I miss Europe this week. Not really the Europe I spent the summer exploring, but the Europe I’ve since idealized — where everything’s beautiful and nothing hurts. Instead of walking down piss-stinking streets past too-friendly men, my memory meanders down cobblestone corridors strewn with flower petals, lined with gelato shops.

I don’t remember the homesickness or frustration. I remember the glory of new language and comfort of new friends. I remember train rides past dream landscapes. Paintings that made me feel like I was the only person in the gallery to experience them. Sunsets (and some Spanish sunrises) with truer colors. Yellower lemons, oranger oranges, bluer skies.

 I remember the Mediterranean waters at Nice so warm. The Atlantic coast sands at Cadiz so hot. The rainwind in Ireland so biting cold.

 The printers were making coffee last night at work, and in the instant I smelled the brew I was heating coffee on the stove at No. 30 Felipe II; I was downing a shot of espresso at a cafe in Riomaggiore; I was filling a chipped hostel mug.

 My mouth waters for hazelnut chocolates. Italian kisses. My mind wanders around book stores stuffed with familiar titles in unfamiliar tongues.

 I’m drinking up that remembered Europe. It is morning coffee, evening red wine and all-day Cruzcampo beer. Mint tea in Arab saunas and French goat’s milk in sunny country kitchens.

 I want to go back. I want to go to ChinaIndiaAustraliaScotlandMoroccoTurkey GreeceGhanaCostaRicaArgentinaIceland. To LondonMontrealRioJerusalem SeattleMoscowParisTokyo.


Things I learned this week:

1. Gas stoves heat stuff much faster than regular stoves. They also are more beautiful. And dangerous.

2. Pepper seeds and oatmeal flakes may look similar, but they are definitely not the same thing.

3. Crushes can be fun, distracting, and totally meaningless.

4. Don’t watch Dexter right before going to bed alone. Especially when this means going to bed at 4 a.m.

5. Marriage/babies make me nervous.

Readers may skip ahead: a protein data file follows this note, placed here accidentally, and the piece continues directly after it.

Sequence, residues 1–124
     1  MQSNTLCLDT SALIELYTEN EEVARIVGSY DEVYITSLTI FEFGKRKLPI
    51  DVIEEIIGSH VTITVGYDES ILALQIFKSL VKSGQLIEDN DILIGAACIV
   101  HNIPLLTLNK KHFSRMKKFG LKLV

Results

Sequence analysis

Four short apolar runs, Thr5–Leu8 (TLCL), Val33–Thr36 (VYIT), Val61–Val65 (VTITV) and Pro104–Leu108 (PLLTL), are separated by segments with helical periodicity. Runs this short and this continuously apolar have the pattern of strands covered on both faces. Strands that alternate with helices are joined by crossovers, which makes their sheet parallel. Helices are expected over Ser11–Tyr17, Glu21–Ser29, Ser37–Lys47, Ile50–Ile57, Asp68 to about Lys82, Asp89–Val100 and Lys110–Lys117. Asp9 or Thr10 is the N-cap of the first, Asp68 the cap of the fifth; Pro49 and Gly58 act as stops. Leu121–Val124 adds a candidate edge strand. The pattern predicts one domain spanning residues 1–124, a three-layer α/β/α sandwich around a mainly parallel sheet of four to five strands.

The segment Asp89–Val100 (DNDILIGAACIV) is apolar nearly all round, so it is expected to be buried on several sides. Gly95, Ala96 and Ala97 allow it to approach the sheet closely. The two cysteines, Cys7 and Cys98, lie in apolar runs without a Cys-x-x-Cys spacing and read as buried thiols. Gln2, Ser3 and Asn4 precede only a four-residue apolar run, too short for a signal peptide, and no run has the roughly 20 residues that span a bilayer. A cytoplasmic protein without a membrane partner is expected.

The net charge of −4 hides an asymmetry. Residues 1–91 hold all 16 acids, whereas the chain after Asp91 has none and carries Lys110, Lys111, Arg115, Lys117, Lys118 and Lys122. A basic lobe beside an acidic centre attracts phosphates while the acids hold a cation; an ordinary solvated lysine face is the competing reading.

6. The man who has a key to my apartment in order to spray it for bugs shows up in the middle of each month around 10 a.m. (on the mornings after all-night Dexter marathons).

7. Most people are a little sad. Confused sad, self-destructive sad, lonely sad, helpless sad.

8. There’s almost never a thing I can do about it, which makes me helpless sad. I only can listen if you tell me where it hurts.

9. Weather, more than anything, dictates my productivity and music choices.

10. More trains go by at 3 a.m. than 3 p.m.

11. I could crash church sandwich suppers and bake sales and eat free (they ask for ‘donations’) for a week.

12. Candy corn is rarely a good idea. Feta cheese is rarely a bad idea.

Exodus 3:14

In Spanish, I am I AM.

In trying to sound out my name to my host family this summer (who had been expecting Alison Martin and got me instead), one makes the Z more sibilant and the E hard and sharp, like the A in weathervAne — indicating the northsoutheastwest of my identity. Zzzooohhhiiieee becomes Sooohhhiiieee becomes Sooohhhaaayyy. And said quickly, my new moniker came out a lot like the verb soy, pronounced like the bean, a conjugation of the verb to be. Soy = I am.

The misunderstanding during the first few days verged dangerously on blasphemy. Had I burned a bush during the period, that probably would have been crossing a line.